Ashland Creek has steelhead but no one is counting
The piece and the photos on those urban fish (in an unnamed tributary of Medford's Larson Creek) was awesome. A friend is a recent grad of St. Mary's School, where he was involved in monitoring that stream, so I've heard about it. Do you know much about populations in Ashland Creek, especially in the North Mountain Park area and above regions? The silt is so heavy along the park that I wonder. I see what looks like a redd but I am unsure.
— Fishhead Brian, Ashland
We at Since You Asked Central can't help but let a question from someone named Fishhead rise quickly to the top, since this story is only a few weeks old.
The hoop-trap studies the Oregon Department of Fish and Wildlife have conducted in Bear Creek Basin streams over the past decade have not yielded any official estimates. However, they are best used as indicators of whether there is an absence or presence of wild juvenile salmon and steelhead.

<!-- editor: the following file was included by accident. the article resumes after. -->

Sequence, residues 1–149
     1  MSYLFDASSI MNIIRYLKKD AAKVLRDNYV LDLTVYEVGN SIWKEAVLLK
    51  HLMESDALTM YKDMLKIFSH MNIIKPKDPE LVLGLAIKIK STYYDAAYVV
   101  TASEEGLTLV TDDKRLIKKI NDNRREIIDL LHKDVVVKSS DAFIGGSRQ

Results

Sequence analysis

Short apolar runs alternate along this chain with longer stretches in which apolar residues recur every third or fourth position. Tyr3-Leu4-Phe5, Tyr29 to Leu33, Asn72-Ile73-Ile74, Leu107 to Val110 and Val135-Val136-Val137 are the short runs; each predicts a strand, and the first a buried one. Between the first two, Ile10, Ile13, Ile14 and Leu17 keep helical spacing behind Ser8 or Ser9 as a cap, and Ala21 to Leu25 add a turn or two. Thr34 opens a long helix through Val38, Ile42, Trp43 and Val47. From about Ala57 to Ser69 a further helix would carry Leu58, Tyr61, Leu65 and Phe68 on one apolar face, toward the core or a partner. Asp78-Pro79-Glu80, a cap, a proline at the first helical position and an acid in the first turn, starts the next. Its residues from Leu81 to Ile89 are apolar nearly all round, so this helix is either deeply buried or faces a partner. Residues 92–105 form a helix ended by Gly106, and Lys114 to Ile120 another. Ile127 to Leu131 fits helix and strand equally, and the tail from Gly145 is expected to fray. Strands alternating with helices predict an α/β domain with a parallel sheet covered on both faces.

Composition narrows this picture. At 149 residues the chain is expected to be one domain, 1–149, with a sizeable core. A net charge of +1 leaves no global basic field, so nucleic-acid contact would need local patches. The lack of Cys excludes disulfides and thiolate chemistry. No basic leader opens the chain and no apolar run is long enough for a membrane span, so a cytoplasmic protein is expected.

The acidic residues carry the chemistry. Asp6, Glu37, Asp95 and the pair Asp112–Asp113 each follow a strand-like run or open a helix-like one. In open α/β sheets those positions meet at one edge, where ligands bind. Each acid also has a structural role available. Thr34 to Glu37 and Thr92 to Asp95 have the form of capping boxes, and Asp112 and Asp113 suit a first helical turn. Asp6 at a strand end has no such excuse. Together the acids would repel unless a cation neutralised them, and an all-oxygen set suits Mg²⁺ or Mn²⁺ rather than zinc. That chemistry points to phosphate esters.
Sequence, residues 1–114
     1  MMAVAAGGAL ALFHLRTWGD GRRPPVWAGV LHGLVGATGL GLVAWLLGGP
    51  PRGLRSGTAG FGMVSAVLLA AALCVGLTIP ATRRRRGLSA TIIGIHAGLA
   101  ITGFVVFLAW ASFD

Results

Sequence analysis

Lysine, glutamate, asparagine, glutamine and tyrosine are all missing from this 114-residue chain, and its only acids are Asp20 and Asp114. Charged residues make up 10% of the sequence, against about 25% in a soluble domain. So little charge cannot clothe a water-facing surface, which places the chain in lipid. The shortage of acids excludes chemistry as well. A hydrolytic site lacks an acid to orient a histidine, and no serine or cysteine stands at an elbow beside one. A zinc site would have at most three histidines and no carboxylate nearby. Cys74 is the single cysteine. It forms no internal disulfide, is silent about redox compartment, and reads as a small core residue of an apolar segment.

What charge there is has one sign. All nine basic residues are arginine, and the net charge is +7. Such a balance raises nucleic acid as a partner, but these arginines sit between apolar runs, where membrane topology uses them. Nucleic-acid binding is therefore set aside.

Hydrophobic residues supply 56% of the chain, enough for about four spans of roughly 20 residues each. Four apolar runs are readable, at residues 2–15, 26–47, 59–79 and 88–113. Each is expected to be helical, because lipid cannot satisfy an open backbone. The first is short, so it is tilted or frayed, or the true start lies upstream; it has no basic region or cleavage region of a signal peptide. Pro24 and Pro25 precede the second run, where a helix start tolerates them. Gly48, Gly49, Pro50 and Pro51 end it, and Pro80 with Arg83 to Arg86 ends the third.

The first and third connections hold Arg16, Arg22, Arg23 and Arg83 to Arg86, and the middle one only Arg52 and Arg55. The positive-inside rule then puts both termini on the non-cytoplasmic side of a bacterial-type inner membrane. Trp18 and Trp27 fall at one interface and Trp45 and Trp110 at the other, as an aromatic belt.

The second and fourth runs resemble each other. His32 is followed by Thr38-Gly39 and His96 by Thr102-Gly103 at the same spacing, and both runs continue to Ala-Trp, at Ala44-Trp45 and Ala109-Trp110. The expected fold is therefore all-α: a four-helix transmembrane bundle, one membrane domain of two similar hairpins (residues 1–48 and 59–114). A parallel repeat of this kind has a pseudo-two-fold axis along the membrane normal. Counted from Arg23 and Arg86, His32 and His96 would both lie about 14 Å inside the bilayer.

Tributaries such as Ashland Creek get used periodically by various upper Bear Creek Basin juveniles as they head up and down the system seeking better water conditions, whether escaping summer heat or winter freshets. So young fish you find in the summer in Ashland Creek you might find elsewhere in the basin in the winter.
But exactly how many?
"Right now, that's a shot in the dark," says Pete Samarin, an ODFW fish biologist who studies the Rogue Basin. "We don't currently have any surveys designed to generate population estimates on juvenile steelhead.
"But there's hundreds of juvenile steelhead likely rearing in Ashland Creek at this time," Samarin says.
These young juvenile salmon can stay about two years in freshwater before heading to the ocean, so when it comes to the Bear Creek Basin, it takes a whole system to raise a steelhead.
As for whether you spotted a redd, or salmon nest, carved into the Ashland Creek gravel, chances are you did.
For the past few years, wild fall chinook salmon have been spawning up Ashland Creek and even at North Mountain Park in the fall. It goes to show you that even damaged urban streams such as these can still kick out some remarkable Rogue River Basin fish.
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